One of the most precious memories I have of my Grandma is how much she loved to sew. She made beautiful patchwork quilts, pillows, and placemats out of calico prints and scraps of fabric. I loved watching her choose a color scheme, trace the pattern, and cut out the pieces. It was like watching an artist create a masterpiece.
One summer, my Grandma decided to make the most difficult quilt she’d ever attempted. The flower basket pattern looks simple enough, but the difficulty lies in making sure each and every corner meets up without a gap. There’s about three dozen geometric pieces in each block! On top of that, she wanted to cover the borders and empty spaces with intricate stitch designs.
For most sewers this is a challenge, but my Grandma added a bonus challenge. She believed that patchwork quilts were best when made by hand. That meant tracing and cutting each piece individually and hand-sewing every single stitch. I remember watching her at the kitchen table with stacks of fabric and quilt templates. And how could I forget her sewing blocks together while in the car (it was a looooong drive into town) and even when flying (back in the days when it was okay to bring scissors on a plane).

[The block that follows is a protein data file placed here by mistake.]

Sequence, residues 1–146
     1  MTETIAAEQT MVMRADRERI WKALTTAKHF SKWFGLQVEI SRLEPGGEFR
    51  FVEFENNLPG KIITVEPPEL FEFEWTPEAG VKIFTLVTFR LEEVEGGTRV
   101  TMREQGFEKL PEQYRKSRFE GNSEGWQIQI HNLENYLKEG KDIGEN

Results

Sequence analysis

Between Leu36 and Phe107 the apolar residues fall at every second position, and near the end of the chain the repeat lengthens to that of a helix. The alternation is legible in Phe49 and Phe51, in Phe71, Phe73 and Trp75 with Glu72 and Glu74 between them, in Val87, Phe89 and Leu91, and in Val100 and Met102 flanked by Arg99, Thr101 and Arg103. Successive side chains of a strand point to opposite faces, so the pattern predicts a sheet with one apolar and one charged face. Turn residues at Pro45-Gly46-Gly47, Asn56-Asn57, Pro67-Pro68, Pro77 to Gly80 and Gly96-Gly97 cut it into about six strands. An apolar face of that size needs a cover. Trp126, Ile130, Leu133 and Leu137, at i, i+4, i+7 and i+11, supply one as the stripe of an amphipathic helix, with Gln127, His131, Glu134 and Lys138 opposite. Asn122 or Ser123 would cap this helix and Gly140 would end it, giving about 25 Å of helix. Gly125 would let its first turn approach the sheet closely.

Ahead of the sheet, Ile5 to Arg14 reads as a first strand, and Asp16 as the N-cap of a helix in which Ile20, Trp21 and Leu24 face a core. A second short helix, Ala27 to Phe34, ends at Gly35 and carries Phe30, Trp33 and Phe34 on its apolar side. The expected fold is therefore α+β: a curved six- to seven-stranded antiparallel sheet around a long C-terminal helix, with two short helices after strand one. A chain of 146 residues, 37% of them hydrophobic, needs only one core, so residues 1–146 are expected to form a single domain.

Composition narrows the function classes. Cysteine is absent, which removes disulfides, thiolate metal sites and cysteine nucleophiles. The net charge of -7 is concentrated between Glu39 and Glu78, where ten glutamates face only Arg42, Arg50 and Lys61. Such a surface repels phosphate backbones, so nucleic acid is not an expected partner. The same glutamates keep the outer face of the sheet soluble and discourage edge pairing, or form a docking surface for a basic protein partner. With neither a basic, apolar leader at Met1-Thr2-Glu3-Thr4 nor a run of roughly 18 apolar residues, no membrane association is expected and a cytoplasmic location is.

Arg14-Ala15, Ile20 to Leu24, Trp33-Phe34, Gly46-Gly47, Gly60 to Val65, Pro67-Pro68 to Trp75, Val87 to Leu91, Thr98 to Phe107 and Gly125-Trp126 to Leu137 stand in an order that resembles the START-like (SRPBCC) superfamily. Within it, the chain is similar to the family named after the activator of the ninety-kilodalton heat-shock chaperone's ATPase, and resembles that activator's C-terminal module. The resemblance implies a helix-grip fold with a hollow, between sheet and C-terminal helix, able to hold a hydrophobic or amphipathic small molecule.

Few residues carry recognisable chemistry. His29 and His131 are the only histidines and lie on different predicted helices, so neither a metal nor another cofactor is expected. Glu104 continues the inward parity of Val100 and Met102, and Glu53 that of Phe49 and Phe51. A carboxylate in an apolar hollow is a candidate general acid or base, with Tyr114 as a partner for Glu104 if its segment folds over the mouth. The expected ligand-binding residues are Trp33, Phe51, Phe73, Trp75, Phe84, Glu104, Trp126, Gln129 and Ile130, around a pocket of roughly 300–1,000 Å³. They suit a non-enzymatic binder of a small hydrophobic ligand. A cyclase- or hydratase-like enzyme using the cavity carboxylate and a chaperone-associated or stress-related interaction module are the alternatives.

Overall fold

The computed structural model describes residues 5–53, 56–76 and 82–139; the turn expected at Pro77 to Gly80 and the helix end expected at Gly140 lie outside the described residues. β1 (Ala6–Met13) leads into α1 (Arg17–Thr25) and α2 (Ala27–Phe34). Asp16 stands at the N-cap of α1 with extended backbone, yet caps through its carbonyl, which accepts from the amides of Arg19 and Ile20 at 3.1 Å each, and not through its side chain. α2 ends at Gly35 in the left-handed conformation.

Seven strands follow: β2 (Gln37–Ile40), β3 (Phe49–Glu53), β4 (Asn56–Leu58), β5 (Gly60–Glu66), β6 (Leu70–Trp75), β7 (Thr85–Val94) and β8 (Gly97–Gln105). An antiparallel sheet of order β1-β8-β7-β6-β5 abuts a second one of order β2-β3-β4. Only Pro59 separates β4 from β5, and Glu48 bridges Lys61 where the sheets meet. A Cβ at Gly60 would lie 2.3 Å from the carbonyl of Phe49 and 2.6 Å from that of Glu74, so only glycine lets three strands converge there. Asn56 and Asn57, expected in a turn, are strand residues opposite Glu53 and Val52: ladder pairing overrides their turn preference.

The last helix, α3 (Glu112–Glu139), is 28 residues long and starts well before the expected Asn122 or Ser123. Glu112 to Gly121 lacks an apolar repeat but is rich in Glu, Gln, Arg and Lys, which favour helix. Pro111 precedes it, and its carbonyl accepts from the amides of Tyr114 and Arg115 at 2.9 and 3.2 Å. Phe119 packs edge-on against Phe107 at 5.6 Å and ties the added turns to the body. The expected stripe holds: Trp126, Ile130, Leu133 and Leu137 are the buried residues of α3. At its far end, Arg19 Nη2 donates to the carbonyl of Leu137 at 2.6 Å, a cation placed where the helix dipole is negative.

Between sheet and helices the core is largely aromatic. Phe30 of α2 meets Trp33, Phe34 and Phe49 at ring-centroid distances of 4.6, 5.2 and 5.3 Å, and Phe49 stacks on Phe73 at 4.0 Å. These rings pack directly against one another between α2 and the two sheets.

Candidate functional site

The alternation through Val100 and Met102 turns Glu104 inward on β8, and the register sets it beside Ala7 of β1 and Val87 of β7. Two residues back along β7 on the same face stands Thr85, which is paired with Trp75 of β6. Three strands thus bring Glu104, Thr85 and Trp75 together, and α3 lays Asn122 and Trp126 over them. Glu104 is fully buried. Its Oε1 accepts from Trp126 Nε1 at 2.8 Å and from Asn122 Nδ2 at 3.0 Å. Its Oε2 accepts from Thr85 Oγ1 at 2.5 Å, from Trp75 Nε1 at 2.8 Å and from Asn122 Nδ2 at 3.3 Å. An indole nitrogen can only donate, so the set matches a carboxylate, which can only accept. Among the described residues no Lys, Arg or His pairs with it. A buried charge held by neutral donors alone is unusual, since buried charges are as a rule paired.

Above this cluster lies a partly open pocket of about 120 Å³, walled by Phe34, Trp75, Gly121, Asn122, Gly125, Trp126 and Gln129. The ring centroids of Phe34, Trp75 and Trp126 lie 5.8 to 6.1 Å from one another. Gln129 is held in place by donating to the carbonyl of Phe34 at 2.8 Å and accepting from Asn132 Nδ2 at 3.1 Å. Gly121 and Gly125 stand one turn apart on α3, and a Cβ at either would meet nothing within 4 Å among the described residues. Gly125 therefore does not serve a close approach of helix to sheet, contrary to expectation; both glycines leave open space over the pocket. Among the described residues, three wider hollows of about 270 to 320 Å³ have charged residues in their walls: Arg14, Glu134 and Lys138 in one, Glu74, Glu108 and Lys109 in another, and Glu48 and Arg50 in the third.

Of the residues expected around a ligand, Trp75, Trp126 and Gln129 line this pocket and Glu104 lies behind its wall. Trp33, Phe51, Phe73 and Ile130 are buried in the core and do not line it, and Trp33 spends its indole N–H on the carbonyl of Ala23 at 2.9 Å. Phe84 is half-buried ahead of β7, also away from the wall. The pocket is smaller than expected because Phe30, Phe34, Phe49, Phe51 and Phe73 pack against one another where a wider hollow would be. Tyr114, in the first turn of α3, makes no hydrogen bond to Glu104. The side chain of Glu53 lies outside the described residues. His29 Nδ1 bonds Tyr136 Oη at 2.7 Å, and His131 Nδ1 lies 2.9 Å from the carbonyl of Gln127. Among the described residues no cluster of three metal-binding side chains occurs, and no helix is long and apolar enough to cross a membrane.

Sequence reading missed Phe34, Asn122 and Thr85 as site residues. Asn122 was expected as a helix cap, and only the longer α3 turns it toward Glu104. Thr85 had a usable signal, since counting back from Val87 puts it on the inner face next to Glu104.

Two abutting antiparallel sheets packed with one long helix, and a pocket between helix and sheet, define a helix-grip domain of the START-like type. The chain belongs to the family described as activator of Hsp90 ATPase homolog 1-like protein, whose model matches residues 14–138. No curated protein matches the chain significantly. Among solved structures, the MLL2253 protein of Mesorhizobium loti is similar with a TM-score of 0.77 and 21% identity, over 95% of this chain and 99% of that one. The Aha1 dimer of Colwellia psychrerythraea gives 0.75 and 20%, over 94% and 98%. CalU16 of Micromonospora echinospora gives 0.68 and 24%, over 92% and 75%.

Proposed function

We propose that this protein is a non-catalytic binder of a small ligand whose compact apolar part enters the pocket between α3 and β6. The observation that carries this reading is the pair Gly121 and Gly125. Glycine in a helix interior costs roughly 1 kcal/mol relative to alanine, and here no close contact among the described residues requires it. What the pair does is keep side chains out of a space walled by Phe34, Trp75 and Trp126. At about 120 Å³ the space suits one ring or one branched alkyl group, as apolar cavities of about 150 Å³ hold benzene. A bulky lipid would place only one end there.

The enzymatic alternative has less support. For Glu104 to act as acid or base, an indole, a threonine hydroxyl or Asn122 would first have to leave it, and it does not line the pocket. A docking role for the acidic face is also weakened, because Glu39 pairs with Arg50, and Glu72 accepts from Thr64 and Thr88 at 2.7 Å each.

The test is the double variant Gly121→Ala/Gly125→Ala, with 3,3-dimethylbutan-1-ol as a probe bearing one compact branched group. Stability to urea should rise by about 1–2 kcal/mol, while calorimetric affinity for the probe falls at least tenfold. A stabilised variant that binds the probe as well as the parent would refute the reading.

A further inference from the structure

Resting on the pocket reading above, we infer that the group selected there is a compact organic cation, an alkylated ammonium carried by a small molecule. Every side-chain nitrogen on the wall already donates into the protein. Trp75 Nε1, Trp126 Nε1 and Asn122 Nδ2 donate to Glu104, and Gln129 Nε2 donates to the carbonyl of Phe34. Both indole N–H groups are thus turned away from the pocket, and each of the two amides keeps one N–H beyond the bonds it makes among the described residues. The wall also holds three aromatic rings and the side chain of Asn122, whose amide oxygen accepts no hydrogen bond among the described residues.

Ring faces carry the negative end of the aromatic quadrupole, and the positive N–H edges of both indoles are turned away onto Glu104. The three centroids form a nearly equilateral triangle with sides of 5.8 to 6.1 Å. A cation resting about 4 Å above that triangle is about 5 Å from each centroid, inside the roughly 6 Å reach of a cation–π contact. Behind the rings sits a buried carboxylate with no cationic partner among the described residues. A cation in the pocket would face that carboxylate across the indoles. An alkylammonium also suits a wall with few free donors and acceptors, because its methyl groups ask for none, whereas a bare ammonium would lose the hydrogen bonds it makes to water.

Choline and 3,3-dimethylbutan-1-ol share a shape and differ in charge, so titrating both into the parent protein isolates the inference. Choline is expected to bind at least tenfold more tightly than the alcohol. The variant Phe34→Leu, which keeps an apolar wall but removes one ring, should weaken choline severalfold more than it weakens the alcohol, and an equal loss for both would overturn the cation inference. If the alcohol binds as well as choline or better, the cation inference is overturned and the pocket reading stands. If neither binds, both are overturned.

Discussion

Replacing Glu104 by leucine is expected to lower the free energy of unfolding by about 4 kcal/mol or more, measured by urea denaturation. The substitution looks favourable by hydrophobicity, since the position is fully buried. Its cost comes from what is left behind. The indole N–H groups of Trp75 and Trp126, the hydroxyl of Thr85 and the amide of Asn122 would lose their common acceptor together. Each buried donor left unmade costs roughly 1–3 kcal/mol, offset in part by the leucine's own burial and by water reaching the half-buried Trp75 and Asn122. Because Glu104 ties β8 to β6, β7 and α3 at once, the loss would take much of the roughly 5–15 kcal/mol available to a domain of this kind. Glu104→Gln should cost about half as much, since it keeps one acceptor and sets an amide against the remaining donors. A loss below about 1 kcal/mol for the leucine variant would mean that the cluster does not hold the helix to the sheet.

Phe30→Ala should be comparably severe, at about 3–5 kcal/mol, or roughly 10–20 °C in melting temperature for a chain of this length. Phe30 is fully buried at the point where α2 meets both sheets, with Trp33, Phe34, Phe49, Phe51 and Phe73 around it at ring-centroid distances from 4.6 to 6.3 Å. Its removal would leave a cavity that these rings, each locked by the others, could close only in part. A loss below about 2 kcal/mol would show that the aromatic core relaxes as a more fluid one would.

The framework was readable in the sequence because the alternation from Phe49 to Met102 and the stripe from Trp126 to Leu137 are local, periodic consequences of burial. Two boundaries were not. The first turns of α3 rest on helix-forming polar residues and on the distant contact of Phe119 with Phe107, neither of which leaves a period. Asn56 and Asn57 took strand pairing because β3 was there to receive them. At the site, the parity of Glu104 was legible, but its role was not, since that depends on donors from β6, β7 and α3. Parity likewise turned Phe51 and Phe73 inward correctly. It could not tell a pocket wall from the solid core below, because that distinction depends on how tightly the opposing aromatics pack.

A few years ago, my Grandma passed her crowning achievement to me. I’ve always treasured it, but now that she’s gone, her flower basket quilt is absolutely priceless.
I love how I can still see her pencil marks and that I can remember her sewing some of the petal stitches. In particular, I have a distinct memory of her using pink thread to make the flowers in the upper right corner.
As soon as I was old enough to hold a needle without hurting myself, my Grandma started to teach me how to sew. She taught me how to make invisible knots and how to evenly space stitches. Just like her, I learned how to do everything by hand. To this day, I make my quilts the traditional way.
I made my first micro-quilt when I was about nine years old. While she was working on a larger Tumbler pattern quilt, I used a few scrap pieces to make a smaller version:
The bright yellow piece on my quilt was actually sewn in on purpose. One of the special things my Grandma taught me was to make sure there was an “oddball” piece or a mistake in every quilt. This was important because it paid homage to the pioneers who used nothing but scraps to make quilts. They didn’t have beautiful fabrics or the luxury of perfectly matching colors and we shouldn’t forget that tradition. Can you find the “mistake” in her quilt?
One of the last projects we ever worked on together was a quilt I started when I was sixteen. It took ten years for me to complete all the blocks (college kind of distracted me), but she was still there to help me lay out the border and trace the quilting lines. Then, there was one evening when we were both on the floor rolling out the backing and pinning all the layers together. I couldn’t have done it without her!
Another few years went by before I finally finished the quilt. I am so grateful that she got to see it before she passed away. Along with her flower basket quilt, my eight-point star quilt holds memories that will stay with me for a lifetime.
Yes, there are a few on-purpose mistakes in this quilt! Can you find them?
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